The following morning, the news showed pictures of children across Pakistan holding up Malala’s picture at vigils and demonstrations, and praying in schools. My son worried that girls were going to be shot for standing up for Malala. I told him that they were aware of the danger, but publicly supporting her reflects how much Malala means to them. Malala’s courage reminded all Pakistanis how important an education is. Her bravery inspired their own.

Still trying to understand, my children asked, “Why did those men think they needed to kill Malala?” I answered, “because an education is a powerful thing.”

The shots fired on Malala struck the heart of the nation, and as the Taliban refuse to back down, so too do the people of Pakistan. This violent and hateful act seems to have accomplished the opposite of its intent, as Pakistanis rally to embrace Malala’s principles and reject the tyranny of fear. A spokesman for the Pakistani Taliban said “let this be a lesson.” Yes. Let this be a lesson—that an education is a basic human right, a right that Pakistan’s daughters will not be denied.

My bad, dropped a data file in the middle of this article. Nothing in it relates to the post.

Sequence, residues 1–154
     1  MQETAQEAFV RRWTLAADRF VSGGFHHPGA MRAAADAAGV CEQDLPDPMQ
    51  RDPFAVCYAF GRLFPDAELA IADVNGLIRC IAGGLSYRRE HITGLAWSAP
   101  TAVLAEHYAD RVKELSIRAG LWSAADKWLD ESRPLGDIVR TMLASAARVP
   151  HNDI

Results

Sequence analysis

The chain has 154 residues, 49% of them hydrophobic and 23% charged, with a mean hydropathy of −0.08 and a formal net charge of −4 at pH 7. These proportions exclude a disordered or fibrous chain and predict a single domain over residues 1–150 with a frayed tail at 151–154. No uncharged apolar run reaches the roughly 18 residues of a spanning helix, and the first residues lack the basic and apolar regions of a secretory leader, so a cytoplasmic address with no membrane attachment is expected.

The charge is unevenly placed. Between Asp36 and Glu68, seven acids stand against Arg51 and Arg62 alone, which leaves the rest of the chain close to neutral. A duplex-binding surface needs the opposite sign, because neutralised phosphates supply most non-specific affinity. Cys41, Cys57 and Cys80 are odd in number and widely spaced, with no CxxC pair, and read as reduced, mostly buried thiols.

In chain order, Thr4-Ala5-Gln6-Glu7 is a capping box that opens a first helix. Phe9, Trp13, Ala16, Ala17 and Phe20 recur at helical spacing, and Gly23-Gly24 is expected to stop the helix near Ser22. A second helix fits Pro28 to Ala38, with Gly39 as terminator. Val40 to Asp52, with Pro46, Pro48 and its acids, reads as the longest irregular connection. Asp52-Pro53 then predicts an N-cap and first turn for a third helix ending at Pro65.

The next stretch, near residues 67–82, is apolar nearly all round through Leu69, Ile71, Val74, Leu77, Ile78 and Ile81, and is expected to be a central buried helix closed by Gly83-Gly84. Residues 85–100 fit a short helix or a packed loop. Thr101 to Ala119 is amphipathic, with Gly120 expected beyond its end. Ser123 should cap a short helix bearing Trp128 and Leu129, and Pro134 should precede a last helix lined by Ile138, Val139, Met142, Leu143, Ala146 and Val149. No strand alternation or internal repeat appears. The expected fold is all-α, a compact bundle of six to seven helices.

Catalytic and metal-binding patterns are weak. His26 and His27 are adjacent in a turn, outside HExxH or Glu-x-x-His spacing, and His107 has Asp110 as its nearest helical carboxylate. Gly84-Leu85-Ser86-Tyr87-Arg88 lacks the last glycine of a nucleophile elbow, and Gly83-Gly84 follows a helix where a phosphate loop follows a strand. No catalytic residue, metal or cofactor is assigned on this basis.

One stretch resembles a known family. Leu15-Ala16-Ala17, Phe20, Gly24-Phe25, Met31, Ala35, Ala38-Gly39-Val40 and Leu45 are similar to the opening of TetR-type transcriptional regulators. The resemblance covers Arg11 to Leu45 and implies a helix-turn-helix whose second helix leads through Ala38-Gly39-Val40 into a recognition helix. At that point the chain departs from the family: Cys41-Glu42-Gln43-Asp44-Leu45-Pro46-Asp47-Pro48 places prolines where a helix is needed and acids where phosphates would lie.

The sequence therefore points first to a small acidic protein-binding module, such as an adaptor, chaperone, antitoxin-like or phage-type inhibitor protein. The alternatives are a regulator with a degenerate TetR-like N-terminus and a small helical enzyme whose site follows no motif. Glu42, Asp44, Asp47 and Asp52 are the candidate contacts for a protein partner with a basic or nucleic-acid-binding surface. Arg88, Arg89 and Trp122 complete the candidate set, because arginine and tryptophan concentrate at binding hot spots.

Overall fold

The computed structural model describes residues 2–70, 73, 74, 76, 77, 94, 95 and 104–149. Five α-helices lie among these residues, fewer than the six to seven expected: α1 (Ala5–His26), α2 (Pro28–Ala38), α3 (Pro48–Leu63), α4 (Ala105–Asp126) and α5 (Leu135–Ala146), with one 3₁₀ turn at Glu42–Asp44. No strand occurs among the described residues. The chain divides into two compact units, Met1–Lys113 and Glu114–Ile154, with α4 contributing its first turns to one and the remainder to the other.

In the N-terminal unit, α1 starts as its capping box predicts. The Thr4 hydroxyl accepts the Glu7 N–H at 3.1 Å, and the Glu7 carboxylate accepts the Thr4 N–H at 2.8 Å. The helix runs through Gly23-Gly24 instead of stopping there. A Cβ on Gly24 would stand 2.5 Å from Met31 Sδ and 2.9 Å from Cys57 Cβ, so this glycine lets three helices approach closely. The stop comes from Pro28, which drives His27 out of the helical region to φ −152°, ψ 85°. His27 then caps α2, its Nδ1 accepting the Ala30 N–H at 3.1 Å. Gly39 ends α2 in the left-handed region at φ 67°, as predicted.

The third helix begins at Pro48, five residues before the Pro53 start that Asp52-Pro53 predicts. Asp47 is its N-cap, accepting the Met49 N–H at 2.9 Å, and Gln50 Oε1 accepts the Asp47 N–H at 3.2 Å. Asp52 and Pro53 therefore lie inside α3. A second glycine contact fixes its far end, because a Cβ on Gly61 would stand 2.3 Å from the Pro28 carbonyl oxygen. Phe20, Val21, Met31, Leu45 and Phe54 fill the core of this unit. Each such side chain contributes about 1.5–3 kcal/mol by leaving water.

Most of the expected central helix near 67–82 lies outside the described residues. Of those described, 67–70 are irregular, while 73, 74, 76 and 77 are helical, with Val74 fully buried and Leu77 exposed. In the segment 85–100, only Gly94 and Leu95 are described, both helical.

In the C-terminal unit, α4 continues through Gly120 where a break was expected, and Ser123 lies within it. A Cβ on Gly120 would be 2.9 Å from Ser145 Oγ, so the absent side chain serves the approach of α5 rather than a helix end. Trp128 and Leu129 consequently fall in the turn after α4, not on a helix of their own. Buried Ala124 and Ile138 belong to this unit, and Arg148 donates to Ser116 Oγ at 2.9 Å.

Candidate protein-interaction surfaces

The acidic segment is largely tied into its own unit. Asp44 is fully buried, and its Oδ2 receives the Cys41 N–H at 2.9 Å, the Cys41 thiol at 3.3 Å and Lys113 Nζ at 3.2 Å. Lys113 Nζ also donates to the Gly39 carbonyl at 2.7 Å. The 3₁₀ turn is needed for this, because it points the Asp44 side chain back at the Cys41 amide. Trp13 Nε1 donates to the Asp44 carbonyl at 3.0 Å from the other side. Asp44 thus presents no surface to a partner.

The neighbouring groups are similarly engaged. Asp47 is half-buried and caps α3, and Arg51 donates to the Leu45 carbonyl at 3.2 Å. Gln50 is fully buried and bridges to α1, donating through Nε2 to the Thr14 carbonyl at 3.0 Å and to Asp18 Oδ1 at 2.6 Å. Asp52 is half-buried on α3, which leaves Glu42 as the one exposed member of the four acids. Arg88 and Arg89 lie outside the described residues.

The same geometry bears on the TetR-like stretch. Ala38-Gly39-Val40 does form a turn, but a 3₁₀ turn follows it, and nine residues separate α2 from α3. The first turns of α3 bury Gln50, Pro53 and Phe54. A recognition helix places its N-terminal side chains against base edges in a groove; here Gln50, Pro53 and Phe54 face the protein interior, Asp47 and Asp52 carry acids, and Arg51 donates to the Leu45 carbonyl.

As girls across Pakistan stand up to say “I am Malala,” they do not stand alone. Mothers and teachers around the world are telling their children and students about Malala, and encouraging them to be a part of her movement for girls’ education. Across Pakistan, a national movement has emerged to rebuild the schools and recommit to educate all children, including girls. This terrible event marks the beginning of a necessary revolution in girls’ education.

Malala is proof that it only takes the voice of one brave person to inspire countless men, women, and children. In classrooms and at kitchen tables around the world, mothers, fathers, sons, and daughters are praying for Malala’s swift recovery and committing themselves to carry her torch. As the Nobel Committee meets to determine the winner of the Nobel Peace Prize, I imagine brave Malala will be given serious consideration.